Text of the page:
For a Messianic Jewish group 1) to fulfill the covenantal responsibility incumbent upon all Jews, 2) to bear witness to Yeshua within the people of Israel, and 3) to serve as an authentic and effective representative of the Jewish people within the body of Messiah, it must place a priority on integration with the wider Jewish world, while sustaining a vital corporate relationship with the Christian Church.

In the Messianic Jewish way of life, we seek to fulfill Israel's covenantal responsibility embodied in the Torah within a New Covenant context. Messianic Jewish halakhah is rooted in Scripture (Tanakh and the New Covenant writings), which is of unique sanctity and authority. It also draws upon Jewish tradition, especially those practices and concepts that have won near-universal acceptance by devout Jews through the centuries. Furthermore, as is common within Judaism, Messianic Judaism recognizes that halakhah is and must be dynamic, involving the application of the Torah to a wide variety of changing situations and circumstances.

Messianic Judaism embraces the fullness of New Covenant realities available through Yeshua, and seeks to express them in forms drawn from Jewish experience and accessible to Jewish people.

To again quote Kesher Journal:

In a recent discussion at the 2002 Lausanne Consultation on Jewish Evangelism (LCJE) Conference on Messianic Jewish Identity, a UMJC affiliated rabbi argued that Messianic Jews who do not keep kosher are in sin against God, denying their calling and identity... One of the implications of this stance is that observance of the traditions becomes a measure of spirituality and closeness with God, creating a spiritual hierarchy between those who are most observant relative to those who are less so. By keeping the law, Union congregations also hope to build bridges with observant parts of the Jewish community.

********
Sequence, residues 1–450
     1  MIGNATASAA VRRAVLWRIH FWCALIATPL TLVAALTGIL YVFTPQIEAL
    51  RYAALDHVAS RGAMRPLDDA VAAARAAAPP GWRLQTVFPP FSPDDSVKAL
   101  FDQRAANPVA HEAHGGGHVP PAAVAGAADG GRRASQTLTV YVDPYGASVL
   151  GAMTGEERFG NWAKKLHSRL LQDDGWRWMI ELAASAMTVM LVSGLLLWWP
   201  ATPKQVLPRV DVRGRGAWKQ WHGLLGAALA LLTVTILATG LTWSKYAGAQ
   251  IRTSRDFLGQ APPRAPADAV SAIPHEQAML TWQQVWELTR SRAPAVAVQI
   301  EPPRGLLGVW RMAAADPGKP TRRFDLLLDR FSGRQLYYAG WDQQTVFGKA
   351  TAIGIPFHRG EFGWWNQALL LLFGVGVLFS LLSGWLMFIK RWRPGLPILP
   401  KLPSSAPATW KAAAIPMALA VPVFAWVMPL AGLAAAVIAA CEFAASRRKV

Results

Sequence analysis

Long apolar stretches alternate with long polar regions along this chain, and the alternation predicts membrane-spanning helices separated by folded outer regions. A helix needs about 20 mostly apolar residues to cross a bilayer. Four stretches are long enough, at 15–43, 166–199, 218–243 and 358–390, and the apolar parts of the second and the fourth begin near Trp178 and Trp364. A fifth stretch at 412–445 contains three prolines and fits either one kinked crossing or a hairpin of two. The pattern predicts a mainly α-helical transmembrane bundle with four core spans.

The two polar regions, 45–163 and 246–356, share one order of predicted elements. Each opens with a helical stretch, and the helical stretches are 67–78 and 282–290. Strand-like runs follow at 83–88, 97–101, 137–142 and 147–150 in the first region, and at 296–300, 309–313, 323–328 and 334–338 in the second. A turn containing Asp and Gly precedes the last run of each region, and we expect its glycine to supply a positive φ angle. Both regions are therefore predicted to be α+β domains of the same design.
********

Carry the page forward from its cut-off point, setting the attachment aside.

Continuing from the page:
The UMJC, in contrast to the MJAA, requires "Messianic Gentiles" to observe the Jewish laws, and generally to convert fully -- becoming Messianic Jews.

From the Kesher Journal article once more:

In the past, Messianic congregations have generally defined themselves as a place where Jews and Gentiles worship together, witnessing to the unity of Jews and Gentiles. Many in the UMJC are seeing this as a defective definition. Congregations may have Gentiles, but they are not part of the definition of the congregation, which is to be a Jewish space. The congregation is not an adequate witness to the unity of Jews and Gentiles because the Gentiles there are called to live as Jews- the unity would only be demonstrated if Gentiles were to live as Gentiles.... The simple reality is that many Messianic Jewish leaders realize the kinds of congregations being built are unable to adequately express the Jewish life. They are not seen as authentically Jewish.

As with other issues, the UMJC's distinguishing mark is its concern for Jewish authenticity. One way to be more authentically Jewish is by adopting a conversion process, similar to other forms of Judaism.


In short, whether a Gentile can convert to Messianic Judaism depends in large part on the beliefs of the specific congregation to which he or she would like to join. In some congregations, you may be able to convert and become a Messianic Jew, while in others you will be accepted to the community, but as a "Messianic Gentile."